Friday, September 15, 2017

The Happy Yidisher Curmudgeon: Living as a Yid

“Gezen di velt vi es zol zeyn”

“Nit mit sheltn un nit mit lakhn ken men di velt ibermakhn.”
Ignaz Bernstein
Jüdische Sprichwörter und Redensarten (1921)

“She is a tree of life to them that lay hold upon her,
and happy is every one that holdest her fast. 
Proverbs 3:18, JPS Bible (1917)

“Wherever Jews live, there is life.”
—S.Y. Agnon

When Jews get together, notably at a celebration or simcha, one of the common sayings or expressions of joy is l’chaim or l’chayam, “to life.” After all, in the long history of the Jews, life was precarious, its continuation not certain, and thus its importance never taken for granted. Be happy when you can.

There is a touch of pathos or sadness mingled with the joy, much in the same way klezmer music, although played at simchas, is written in the minor key. Such, I think, shows beautifully the complex life of the Jew. Life can change very quickly, through outside forces in which you have no control. So, I am reflecting here on existential questions—not uncommon for Jews to think about or raise— that what you can indeed control is how to live your life. That is, in what manner you choose to live your life.

Of course, it is easier as a Jew to assimilate into the larger non-Jewish world, the velt of the goyim, as it were. Or so it seems. In many places of the world, this might seem unavoidable; in many places of the world, it might seem necessary for advancement in society, as was the case in Christian Europe only a couple of hundred years ago. One might not have to go as far as Heinrich Heine (1797–1856) or Felix Mendelssohn (1809–1847), both of whom were born in Germany and both of whom became converts to Christianity.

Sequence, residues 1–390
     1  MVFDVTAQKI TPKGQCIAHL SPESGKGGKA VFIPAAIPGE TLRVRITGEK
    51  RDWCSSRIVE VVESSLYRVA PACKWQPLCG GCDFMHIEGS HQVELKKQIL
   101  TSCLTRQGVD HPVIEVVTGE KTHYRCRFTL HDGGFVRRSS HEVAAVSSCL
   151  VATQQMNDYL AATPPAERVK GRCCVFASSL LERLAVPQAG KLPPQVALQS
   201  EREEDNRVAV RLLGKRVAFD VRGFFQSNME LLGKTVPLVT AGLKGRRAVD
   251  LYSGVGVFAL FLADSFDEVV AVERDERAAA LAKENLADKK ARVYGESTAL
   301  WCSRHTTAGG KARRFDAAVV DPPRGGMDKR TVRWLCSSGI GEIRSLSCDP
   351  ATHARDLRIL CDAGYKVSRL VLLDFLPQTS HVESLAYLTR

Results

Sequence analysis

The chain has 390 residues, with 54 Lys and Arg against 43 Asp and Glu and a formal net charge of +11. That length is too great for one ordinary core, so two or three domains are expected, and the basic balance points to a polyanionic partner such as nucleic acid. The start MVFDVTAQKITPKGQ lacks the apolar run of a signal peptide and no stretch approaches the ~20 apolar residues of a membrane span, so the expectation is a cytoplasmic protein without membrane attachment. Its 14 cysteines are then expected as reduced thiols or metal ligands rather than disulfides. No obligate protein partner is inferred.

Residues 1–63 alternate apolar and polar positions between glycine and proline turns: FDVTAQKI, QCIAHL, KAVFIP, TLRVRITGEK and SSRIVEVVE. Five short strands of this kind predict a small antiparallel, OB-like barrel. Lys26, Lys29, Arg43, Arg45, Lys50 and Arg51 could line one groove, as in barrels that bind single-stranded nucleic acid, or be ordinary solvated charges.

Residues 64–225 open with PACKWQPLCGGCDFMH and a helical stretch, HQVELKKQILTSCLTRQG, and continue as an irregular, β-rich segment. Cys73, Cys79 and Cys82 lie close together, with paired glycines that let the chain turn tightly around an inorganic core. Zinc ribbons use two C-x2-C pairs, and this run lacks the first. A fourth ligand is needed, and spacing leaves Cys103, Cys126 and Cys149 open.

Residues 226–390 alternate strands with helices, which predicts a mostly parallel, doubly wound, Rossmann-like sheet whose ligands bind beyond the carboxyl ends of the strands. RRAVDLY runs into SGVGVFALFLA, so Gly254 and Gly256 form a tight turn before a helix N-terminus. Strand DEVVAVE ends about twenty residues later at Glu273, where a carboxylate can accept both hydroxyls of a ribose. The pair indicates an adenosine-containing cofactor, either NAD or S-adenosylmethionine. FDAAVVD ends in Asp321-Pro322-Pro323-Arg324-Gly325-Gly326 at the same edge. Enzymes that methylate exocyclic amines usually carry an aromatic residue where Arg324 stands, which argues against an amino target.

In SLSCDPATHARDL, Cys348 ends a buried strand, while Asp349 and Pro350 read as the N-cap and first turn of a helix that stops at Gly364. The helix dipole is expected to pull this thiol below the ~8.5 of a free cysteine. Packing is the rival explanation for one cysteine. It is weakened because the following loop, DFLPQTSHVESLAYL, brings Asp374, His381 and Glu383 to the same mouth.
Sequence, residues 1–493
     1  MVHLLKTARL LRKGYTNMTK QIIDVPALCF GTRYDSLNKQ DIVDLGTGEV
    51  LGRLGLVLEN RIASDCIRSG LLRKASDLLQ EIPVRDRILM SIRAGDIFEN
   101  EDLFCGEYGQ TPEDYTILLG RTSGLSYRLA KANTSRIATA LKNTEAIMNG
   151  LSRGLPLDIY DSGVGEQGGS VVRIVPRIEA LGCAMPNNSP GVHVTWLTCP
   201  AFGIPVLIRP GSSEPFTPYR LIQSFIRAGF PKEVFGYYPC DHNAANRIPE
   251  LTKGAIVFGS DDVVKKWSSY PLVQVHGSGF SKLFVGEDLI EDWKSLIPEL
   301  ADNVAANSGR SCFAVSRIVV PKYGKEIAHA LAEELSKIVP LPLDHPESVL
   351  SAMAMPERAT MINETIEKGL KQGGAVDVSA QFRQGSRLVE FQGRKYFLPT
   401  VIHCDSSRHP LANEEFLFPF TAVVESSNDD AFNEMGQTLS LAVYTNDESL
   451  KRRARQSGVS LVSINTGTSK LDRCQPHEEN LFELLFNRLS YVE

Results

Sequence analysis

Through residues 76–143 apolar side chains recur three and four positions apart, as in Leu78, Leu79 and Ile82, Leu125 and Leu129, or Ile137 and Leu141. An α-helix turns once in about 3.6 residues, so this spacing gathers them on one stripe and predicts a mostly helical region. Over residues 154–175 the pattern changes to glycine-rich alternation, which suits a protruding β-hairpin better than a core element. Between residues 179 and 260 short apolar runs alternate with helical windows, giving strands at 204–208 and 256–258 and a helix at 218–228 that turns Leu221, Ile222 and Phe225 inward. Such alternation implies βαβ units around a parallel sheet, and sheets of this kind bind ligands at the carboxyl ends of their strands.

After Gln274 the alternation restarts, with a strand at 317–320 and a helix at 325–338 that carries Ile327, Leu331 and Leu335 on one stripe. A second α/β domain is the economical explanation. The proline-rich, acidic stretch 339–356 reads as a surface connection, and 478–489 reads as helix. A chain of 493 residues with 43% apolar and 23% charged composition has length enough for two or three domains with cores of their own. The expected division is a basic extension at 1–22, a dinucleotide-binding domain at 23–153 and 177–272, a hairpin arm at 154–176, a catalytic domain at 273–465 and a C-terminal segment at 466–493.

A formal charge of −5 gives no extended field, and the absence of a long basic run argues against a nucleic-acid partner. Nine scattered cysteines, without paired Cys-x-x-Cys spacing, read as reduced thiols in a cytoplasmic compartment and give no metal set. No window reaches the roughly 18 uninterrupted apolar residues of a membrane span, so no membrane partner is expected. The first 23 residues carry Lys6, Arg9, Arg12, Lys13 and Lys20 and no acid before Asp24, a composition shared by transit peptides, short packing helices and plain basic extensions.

Felix Mendelssohn is the grandson of Moses Mendelssohn [1729–1786], viewed as the father of the Jewish Reform movement in Germany, who, while living as an observant Jew, advocated for change (or reform) in the way that Jews lived, such as adopting the habits of the culture in which they resided. In his case, it was the adoption of German culture and language. He never thought, however, that Christianity was in any way the answer, and when approached by missionaries, rebuffed them.

Yet his writings and the tenor of the times in Germany inadvertently opened the door to Christianity, including for his own family. Other reformers, notably those that followed in America, took the ideas further than Moses Mendelssohn would have likely found reasonable or desirable. For example, kashrut, Jewish education, the prohibition against intermarriage or mixed marriages (Deut. 7:3-4), and mesorah, the transmission of Judaic tradition—long the fundamentals of Jewish life—were viewed as outdated and barriers to acceptance of and assimilation into the wider culture.

It is one thing to struggle with the requirements of Judaism, it’s another to discard them altogether. Without the moorings of traditional Judaism, without seeing it as important, there is little reason to remain a Jew. This is not an argument without merit. Perhaps it was then no surprise that Moses’ son, Abraham,  who had long broke away from Judaism, had his own son, Felix, and his siblings baptized in 1816; Felix was seven. There is no reliable record on what Felix later thought of it, but it is undeniable that Mendelssohn’s String Quartet in E-flat major, opus 12, has a Jewish feel to it.

Heine had himself baptized as an adult in 1825, doing so only for economic reasons, but was immediately disappointed in this decision, writing: “I am hated alike by Jew and Christian," he wrote, Jan. 9, 1826; “I regret very deeply that I had myself baptized. I do not see that I have been the better for it since. On the contrary, I have known nothing but misfortunes and mischances.”